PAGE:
Joe VanAndel emailed this in recently:

Another link suggestion for the libraries section:

NetCDF (network Common Data Form) is an interface for array-oriented data access and a library that provides an implementation of the interface. The netCDF library also defines a machine-independent, self-describing, format for representing scientific data.

netCDF interfaces are available for many languages (including C,C++, and Python) and for many packages (including MATLAB and IDL).

NetCDF is published under a "free licence"


Eric Ford writes of the tools used by astronomers:

Astronomers and astrophysicists most commonly use the packages SM (Super Mongo) and IDL. These are mostly plotting packages, but either can do much more. Neither are free, but both run on linux. For image analysis, IRAF and IDL are most common. Iraf is free and runs on linux. For image file formats, we use FITS (Flexible Image Transport System). FITS is very old, so I'm sure it could be improved upon, however it was definitely withstood the test of time.

IRAF can be found at and is published under a free licence.


Another useful addition to the libraries list. Conrad Sanderson writes:

I thought this package might be useful - Newmat, a C++ library for extensive matrix manipulation. I've been using it since 1997. It's not the fastest, but it really helps me to write code quickly.

Remembering only too well the importance of getting a piece of code 'working well enough' soon rather than it 'working optimally' later, I can certainly understand the utility of this library.

Newmat's home page can be found at, and the Freshmeat Appindex link can be found at


I had heard about Scilab before through some colleagues at SEUL, but until recently knew very little about it. Ironically, in the space of about twenty four hour or so, I received two emails. The first from Guran Remberg and and this one from Jean-Francois Cardoso...

Scilab is a scientific software package for numerical computations in a user-friendly environment. It features:

Elaborate data structures (polynomial, rational and string matrices, lists, multivariable linear systems,...). Sophisticated interpreter and programming language with Matlab-like syntax. Hundreds of built-in math functions (new primitives can easily be added). Stunning graphics (2d, 3d, animation). Open structure (easy interfacing with Fortran and C via online dynamic link). Many built-in libraries:

  • Linear Algebra (including sparse matrices, Kronecker form, ordered Schur,...).
  • Control (Classical, LQG, H-infinity,...).
  • Package for LMI (Linear Matrix Inequalities) optimization.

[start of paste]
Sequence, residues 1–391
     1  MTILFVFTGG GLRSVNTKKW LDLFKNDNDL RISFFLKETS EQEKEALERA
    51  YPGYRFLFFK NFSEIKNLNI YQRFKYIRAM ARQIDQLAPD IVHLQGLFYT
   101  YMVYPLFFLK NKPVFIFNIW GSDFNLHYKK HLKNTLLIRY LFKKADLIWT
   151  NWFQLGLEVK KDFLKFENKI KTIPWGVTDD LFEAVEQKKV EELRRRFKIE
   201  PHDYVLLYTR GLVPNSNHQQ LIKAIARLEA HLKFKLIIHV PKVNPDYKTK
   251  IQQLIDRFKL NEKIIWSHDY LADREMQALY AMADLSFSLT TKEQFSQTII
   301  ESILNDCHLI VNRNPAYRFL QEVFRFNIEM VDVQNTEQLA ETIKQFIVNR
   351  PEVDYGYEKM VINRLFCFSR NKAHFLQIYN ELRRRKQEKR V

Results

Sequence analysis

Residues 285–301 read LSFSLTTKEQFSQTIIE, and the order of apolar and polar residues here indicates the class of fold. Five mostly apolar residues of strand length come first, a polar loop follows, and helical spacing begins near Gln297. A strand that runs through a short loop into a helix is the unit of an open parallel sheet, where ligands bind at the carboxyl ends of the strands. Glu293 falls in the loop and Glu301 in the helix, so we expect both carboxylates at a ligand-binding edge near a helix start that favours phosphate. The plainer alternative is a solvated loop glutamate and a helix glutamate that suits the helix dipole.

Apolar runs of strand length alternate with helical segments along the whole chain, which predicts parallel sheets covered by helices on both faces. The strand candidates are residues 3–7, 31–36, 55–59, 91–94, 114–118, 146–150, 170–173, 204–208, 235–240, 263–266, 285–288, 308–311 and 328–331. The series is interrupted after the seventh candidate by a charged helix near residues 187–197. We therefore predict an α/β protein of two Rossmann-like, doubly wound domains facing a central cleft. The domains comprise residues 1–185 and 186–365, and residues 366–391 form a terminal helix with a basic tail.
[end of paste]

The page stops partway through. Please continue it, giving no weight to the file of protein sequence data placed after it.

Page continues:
• Signal processing.
  • Simulation (various ode's, dassl,...).
  • Optimization (differentiable and non-differentiable, LQ solver).
  • Scicos, an interactive environment for modeling and simulation of hybrid systems.
  • Metanet (network analysis and optimization).
Symbolic capabilities through Maple interface.

Scilab can be found at and is distributed under a free licence.


Last, but certainly not least, for this week is XPP an application for mathemitical simulations.

In his email, Felix Mic suggests that XPP would be useful for mathematicians, chemists, biologists and others involved in simulation work.

XPP is a system for the analysis and simulation of dynamic and probabilistic phenomena. It solves differential equations, difference equations, delay equations, functional equations, iterative equations, boundary value problems, and stochastic equations, all combined with probabilistic models. It is now available for free as a program running under X11 and UNIX. A variety of numerical methods are employed so that the user can generally be sure that the solutions are accurate. Examples include connectionist type neural nets, biophysical models, models with memory, and models of cells with random inputs or with random transitions. A graphical interface using X Windows as well as numerous plotting options are provided. PostScript output is supported.

XPP is a reliable software. Timothy S. Gardner used it to obtain results that were published in the high repute scientific magazine Nature, vol 403, 20 january 2000.

The current version is located on sparse web page at and additional information can be found at

Thanks to everyone who emailed me about these and other apps. I look forward to reading about useful scientific applications for Linux, and especially HOW this software is being used.

-- Pete St. Onge (